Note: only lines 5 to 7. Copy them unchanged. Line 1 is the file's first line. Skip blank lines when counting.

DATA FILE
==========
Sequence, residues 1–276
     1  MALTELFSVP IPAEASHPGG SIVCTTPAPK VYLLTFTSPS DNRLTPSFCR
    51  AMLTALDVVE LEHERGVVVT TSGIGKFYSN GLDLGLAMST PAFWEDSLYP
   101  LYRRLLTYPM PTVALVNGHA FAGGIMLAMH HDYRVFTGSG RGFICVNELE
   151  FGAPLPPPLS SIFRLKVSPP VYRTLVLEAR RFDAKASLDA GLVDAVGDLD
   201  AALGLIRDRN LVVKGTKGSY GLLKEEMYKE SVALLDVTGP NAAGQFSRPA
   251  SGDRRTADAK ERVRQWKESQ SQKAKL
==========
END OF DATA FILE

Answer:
   151  FGAPLPPPLS SIFRLKVSPP VYRTLVLEAR RFDAKASLDA GLVDAVGDLD
   201  AALGLIRDRN LVVKGTKGSY GLLKEEMYKE SVALLDVTGP NAAGQFSRPA
   251  SGDRRTADAK ERVRQWKESQ SQKAKL